Sunday, May 10, 2020

Towards a different model for internationalisation

Photo by Ben White on Unsplash
In the wake of the current crisis, internationalisation in higher education would seem to have ground to a halt. With international travel virtually impossible and unlikely to recover any time soon, the numbers of students studying abroad or applying for exchange programmes look likely to evaporate, at least for the coming year. This in turn puts enormous financial pressure on institutions who are heavily dependent on fees from incoming international students. International student and staff exchange programmes like the European Erasmus+ will also be on hold as long as borders are closed and international flights are cancelled. At the same time, the present global crisis shows clearly that global problems require global solutions making it all the more important that all students get experience in international collaboration. If physical mobility is going to be increasingly limited, particularly due to its environmental impact, we need to rethink our approach to internationalisation with virtual exchange as the norm rather than the exception. Of course it's not the same as travelling and meeting people face-to-face but it's a much more inclusive practice and can be implemented across the board.

An article in University World News, Is the pandemic a watershed for internationalisation? takes a critical look at traditional practices and looks forward to a new and more inclusive approach to internationalisation. Physical mobility has always been an exclusive activity.
Clearly, international travel is elitist: it is only a possibility for a minority of students and in terms of outbound students from the Global North, these are often white, female and economically advantaged. ... In short, while mobility has enormous potential as a transformative educational experience, it is an exclusive activity and its impact on individuals is variable.
Traditional mobility will not disappear in the future but it will simply not be viable in the long term.  The last two months have shown us that most educational activities can be carried out digitally, in many cases as well or even better than in a physical space. More people will question the necessity of a physical meeting if the same can be achieved digitally. International conferences and projects can become truly global if they are online and potentially opening up to all those who could never afford to attend the physical equivalent. Digital collaboration with partner institutions is already increasing and will surely increase sharply after the crisis is over. The term global learning is presented as one way forward, meaning that the curriculum is global by default..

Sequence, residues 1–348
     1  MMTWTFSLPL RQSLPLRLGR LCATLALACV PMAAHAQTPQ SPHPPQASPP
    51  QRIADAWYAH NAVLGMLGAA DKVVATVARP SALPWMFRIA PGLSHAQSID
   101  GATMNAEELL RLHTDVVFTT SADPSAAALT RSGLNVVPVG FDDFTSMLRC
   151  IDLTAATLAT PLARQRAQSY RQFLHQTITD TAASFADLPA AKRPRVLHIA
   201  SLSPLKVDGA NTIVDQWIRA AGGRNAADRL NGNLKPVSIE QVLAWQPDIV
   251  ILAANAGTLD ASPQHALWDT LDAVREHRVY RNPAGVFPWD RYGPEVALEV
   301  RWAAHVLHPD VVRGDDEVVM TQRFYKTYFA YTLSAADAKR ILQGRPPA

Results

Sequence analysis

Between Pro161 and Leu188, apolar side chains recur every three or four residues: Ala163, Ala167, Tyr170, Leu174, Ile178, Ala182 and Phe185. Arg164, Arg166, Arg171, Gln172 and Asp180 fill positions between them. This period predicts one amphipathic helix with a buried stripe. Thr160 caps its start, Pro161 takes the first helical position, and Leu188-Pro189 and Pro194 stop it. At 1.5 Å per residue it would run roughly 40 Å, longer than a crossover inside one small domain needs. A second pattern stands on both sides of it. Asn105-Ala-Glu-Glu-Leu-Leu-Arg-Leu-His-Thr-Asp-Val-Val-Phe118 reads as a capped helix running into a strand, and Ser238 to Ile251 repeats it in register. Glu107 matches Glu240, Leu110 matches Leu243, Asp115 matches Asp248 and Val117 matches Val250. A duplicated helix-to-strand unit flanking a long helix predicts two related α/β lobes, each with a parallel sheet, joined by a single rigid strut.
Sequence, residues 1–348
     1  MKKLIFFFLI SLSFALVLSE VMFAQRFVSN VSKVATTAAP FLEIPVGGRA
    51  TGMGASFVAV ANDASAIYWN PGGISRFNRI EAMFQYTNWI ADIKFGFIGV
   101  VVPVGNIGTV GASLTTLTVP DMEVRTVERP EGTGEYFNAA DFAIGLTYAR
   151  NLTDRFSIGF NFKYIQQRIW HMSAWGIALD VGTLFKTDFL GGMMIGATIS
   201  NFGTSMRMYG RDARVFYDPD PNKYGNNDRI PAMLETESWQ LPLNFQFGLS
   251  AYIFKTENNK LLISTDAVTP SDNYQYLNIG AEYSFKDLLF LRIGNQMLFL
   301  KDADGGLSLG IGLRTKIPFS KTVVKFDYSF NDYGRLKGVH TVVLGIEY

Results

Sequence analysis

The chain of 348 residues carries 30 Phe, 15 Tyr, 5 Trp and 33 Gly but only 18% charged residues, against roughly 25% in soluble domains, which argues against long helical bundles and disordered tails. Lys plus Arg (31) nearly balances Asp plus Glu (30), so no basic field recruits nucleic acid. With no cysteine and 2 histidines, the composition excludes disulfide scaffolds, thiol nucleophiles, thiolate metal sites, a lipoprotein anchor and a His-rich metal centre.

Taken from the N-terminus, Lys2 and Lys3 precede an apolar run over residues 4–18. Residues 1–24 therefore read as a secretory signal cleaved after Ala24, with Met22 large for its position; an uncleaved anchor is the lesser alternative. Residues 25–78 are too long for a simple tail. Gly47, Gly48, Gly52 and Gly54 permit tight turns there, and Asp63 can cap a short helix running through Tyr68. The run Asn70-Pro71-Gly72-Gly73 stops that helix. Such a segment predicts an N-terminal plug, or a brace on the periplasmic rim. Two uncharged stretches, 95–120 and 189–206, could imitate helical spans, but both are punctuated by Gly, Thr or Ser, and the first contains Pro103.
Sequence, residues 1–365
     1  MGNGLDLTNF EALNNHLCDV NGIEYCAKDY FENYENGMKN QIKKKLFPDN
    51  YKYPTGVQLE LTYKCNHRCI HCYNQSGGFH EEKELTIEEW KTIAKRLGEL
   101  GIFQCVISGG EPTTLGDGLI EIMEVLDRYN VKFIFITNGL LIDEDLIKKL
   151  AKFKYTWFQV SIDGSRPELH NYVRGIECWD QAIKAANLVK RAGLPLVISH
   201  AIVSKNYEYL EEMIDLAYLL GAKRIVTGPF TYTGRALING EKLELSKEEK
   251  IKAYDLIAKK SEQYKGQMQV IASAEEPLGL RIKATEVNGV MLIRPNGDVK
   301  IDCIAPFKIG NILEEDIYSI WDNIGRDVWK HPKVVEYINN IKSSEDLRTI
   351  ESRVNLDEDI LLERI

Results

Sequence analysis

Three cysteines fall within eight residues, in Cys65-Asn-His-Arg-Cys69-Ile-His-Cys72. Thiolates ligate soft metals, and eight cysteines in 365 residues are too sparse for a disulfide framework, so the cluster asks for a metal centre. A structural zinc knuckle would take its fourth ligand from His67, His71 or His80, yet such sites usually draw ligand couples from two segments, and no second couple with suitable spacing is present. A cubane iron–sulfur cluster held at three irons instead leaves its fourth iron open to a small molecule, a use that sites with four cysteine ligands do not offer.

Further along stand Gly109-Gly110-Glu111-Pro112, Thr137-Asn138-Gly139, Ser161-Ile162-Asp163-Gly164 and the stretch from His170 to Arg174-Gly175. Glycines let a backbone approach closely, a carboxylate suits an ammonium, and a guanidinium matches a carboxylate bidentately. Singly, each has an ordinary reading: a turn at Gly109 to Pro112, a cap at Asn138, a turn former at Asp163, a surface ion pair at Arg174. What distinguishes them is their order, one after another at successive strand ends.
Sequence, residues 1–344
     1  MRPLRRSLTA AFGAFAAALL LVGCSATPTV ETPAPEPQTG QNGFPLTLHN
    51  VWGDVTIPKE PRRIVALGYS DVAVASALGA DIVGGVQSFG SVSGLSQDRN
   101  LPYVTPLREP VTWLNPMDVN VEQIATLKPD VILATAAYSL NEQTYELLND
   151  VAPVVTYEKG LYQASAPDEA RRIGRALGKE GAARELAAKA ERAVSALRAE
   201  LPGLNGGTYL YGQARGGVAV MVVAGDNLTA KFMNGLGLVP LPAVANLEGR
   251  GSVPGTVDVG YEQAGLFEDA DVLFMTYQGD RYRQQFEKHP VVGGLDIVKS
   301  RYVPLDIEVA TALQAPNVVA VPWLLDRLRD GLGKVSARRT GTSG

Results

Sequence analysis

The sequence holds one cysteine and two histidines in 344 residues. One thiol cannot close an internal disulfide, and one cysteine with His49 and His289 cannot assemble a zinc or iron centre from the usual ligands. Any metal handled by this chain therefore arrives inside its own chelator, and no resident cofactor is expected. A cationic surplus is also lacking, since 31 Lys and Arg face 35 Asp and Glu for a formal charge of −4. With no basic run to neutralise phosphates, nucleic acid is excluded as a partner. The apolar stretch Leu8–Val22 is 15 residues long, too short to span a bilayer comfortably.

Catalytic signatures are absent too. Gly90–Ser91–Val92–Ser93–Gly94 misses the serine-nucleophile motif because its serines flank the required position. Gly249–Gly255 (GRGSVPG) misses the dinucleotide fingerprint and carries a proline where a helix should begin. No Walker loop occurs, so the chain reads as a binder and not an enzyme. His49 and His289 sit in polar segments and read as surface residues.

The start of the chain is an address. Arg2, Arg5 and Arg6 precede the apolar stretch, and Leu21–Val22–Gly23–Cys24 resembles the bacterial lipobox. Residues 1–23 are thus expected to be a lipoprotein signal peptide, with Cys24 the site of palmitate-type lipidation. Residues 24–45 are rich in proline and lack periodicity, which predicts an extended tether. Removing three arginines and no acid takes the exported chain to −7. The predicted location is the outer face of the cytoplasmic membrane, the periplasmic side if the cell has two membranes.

The term global learning, as defined by the American Association of Colleges and Universities, for example, provides universities with a way of conceptualising and developing a curriculum that engages all students in “the critical analysis of and an engagement with complex, interdependent global systems and legacies … and their implications for people’s lives and the earth’s sustainability”.
Another aspect of the new internationalisation is widening engagement with the local community where in many countries there is a diverse and multi-cultural society, something the article describes as a pedagogy of encounter.
A pedagogy of encounter is a powerful concept because it does not rely on mobility. There are many opportunities to engage students in intercultural and global learning in class, on campus and in local communities. Thanks to large-scale global migration in recent decades, as well as the widening participation agenda, in many countries ‘local’ students are more diverse than they have ever been.
A globalised curriculum is certainly possible and there is technology to enable it. The big question is whether we have the will and the vision to move in this direction. I suspect after the current crisis there will be a massive demand for a return to business as usual. Physical mobility programmes are familiar territory, easily measured and very visible. A globalised curriculum involves developing a new mindset among teachers, students and management, is much more complex to implement and is harder to quantify and showcase. I love the vision, let's see if we can learn all this.

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